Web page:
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About Bev

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  1. This is an interesting take on Tituba's story. This is fiction, right?
  2. Troy, I'd love to send you an advanced review copy of Dr. Sebi Speaks of Dembali. All right to send you a copy for your feedback? See the flyer below.
  3. I would like to reply to your post by sharing an excerpt from the upcoming book Dr. Sebi Speaks of Dembali (November 2020). On page 83, in Chapter Three, On Matters of Culture, it says: New Orleans in 1954 is a segregated port city, a white, Creole, and brown town plastered with signs that remind folks how to behave: Colored Entrance, White Entrance, Colored Waiting Room, Whites Only, Colored Water Fountain. When twenty-year-old Dr. Sebi settles down there in those days, he’s Alfredo Bowman, merchant seaman, transporter of cargo and travelers. He’s tall, jovial, and amazed at all the wel
  4. Thank you for sharing the winners. I see Malcolm is still relevant today as he was in the 20th century.
  5. Hi Troy. I'm new to AALBC. Happy to be in the community. Is your black-owned bookstore list still available? And I'll look into having Dr. Sebi Speaks of Dembali in the AALBC bookstore.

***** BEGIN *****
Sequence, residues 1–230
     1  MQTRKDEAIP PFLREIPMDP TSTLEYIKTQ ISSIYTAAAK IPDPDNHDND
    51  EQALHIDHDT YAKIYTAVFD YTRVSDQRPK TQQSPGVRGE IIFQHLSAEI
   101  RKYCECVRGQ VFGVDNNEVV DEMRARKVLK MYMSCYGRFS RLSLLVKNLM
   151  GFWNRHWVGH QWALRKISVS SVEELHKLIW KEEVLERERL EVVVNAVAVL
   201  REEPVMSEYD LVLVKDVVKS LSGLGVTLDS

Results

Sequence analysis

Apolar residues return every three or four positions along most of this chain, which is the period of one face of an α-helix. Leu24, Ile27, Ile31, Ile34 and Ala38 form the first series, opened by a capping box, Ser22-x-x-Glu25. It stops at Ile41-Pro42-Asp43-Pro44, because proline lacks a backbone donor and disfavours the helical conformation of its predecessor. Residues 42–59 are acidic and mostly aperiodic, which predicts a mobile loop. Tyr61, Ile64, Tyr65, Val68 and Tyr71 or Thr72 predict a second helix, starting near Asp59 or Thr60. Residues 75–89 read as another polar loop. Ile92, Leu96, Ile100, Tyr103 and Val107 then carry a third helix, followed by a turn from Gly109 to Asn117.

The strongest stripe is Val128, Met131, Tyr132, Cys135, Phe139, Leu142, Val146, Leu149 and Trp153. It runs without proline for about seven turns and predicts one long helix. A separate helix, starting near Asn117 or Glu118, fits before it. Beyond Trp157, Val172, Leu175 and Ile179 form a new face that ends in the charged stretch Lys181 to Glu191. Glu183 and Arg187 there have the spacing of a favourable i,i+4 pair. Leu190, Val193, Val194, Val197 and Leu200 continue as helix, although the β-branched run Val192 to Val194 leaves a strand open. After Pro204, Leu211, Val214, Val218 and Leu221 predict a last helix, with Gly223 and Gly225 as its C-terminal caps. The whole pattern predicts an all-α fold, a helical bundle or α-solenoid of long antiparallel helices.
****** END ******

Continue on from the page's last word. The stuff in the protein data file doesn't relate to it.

6. It's part memoir. Part social commentary from a man who truly knows a thing or two about the black diaspora, having traveled around the world first as a merchant seaman, then a man in search of healing herbs. From rage to solemnity in a Honduran setting reminiscent of a fireside chat, Dr. Sebi Speaks of Dembali is an insightful read. "I went to the jungles of Africa, and I came back with an herb call cancansa that cured a man in L.A. of prostate cancer." --Dr. Sebi Thank you AALBC for the connection. I appreciate the opportunity to discuss this new book and others.
  7. Walkman93, I share your comments about Charlie's work. I call him that because we have a few things in common. We worked at Howard University's radio station WHUR, he in the late 70s as a reporter, me in the 1980s as a public affairs producer. I interviewed him about his book in 2014 and I was truly ecstatic about this stellar piece of journalism and bravery. One thing though, the cover on my hardback book is different from the paperback. No problem. Still a good book that should be required reading in all journalism classes.
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